In Cannibal Manifesto, Andrade theorises that Brazil could free itself of its European cultural legacy by ‘cannibalising’ it, while playing on the modernists’ primitivist interest in cannibalism as a tribal rite.
Only cannibalism unites us. Socially. Economically. Philosophically. Thus states the Brazilian poet Oswald de Andrade in his 1928 text Cannibal Manifesto. The exhibition takes inspiration from this proposition, encountered in a lecture by the artist Kader Attia. In Cannibal Manifesto, Andrade theorises that Brazil could free itself of its European cultural legacy by ‘cannibalising’ it, while playing on the modernists’ primitivist interest in cannibalism as a tribal rite.
Working mostly in video, the artists in this exhibition both use, and explore the use of, mimesis; imitation, mimicry, representation, simulation. They exhibit a variety of strategies; using their own bodies performatively, working collaboratively with marginalised groups, documenting existing rituals or creating fictional communities. Mimesis has long been a tool of resistance used to criticise the world we live in and it can de-stabilise cultural and racial boundaries in complex ways. In the UK, and much of the world, the disparity between rich and poor is rapidly expanding. Even the most critical of viewpoints, however, are appropriated by the dominant capitalist system. To combat the totality of the market, artists must develop tactics with the means at their disposal.
Using their own bodies in their videos, Pilvi Takala, Moussa Sarr and Bita Razavi employ subversive affirmation and over-identification as forms of critique and resistance; be it to corporate ownership or racist stereotypes. In a fictional documentary about the inhabitants of the Moscow ring road, Dimitri Venkov explores the view of some anthropologists that those living on the periphery of the world economy have a rare critical vantage point on capitalist culture. Meanwhile Tellervo Kalleinen & Oliver Kochta-Kalleinen present sci-fi films devised by isolated Nordic communities that explore their fears for the future. Karl Ingar Røys humanises the narrative of economic migration in a two-channel video work that highlights the plight of Mexican migrants trying to cross the US border.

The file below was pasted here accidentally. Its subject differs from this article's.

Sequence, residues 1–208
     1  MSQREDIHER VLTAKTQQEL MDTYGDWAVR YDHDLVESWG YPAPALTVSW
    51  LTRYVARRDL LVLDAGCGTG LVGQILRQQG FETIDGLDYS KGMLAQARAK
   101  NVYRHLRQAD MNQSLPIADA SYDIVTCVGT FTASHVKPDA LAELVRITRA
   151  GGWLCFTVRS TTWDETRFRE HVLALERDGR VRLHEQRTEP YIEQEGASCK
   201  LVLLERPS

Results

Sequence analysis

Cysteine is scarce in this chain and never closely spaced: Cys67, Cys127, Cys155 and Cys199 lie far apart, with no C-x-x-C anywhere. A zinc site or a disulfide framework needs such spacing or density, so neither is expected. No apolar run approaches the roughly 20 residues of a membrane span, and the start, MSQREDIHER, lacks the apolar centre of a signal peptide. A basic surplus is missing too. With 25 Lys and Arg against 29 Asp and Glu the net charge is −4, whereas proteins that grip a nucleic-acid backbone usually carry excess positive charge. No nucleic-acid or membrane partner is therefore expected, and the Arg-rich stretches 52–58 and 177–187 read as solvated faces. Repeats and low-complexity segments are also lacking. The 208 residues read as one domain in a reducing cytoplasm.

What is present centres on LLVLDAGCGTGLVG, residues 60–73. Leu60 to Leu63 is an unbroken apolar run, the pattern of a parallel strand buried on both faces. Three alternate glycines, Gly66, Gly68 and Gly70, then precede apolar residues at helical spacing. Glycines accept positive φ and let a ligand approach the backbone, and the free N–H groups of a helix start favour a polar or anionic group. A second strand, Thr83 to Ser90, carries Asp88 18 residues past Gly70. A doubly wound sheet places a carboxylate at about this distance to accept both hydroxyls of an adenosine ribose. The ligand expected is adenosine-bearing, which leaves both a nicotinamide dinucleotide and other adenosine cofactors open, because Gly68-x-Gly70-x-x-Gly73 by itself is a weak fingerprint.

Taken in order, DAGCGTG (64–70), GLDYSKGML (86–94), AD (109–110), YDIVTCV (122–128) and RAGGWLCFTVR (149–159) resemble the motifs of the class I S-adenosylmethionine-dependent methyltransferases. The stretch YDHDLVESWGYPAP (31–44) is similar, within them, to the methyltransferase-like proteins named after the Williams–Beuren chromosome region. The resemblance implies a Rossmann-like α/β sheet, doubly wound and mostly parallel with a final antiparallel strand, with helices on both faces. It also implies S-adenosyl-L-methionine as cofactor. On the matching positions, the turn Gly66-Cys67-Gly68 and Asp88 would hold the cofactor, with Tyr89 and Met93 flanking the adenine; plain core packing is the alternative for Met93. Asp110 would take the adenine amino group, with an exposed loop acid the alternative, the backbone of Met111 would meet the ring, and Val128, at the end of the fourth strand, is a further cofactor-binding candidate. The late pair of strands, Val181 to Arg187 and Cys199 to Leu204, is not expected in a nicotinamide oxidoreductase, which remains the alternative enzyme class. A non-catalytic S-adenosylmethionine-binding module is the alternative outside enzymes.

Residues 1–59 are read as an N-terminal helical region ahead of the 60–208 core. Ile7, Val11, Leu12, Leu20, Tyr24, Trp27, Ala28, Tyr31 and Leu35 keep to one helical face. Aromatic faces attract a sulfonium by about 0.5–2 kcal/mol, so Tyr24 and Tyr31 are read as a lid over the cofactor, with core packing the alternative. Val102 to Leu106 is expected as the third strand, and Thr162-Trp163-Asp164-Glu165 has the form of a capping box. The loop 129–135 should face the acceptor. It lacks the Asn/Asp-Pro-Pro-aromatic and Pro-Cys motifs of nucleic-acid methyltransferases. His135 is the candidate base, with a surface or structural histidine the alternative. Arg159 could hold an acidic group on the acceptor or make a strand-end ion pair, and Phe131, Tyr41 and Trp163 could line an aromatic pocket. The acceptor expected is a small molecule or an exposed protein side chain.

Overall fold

At the centre of the gallery, Mohamed Bourouissa commemorates those on the margins of social exclusion in France in an installation derived from a long-term sculptural project to document the country’s army of the unemployed. These artists invite us to join their investigations into the spaces where rules and difference are policed; registry offices, job centres, thresholds to corporate space, city outskirts and national borders. Cannibal Manifesto: Mimesis as Resistance seeks to question what makes a community and how a person lives in society.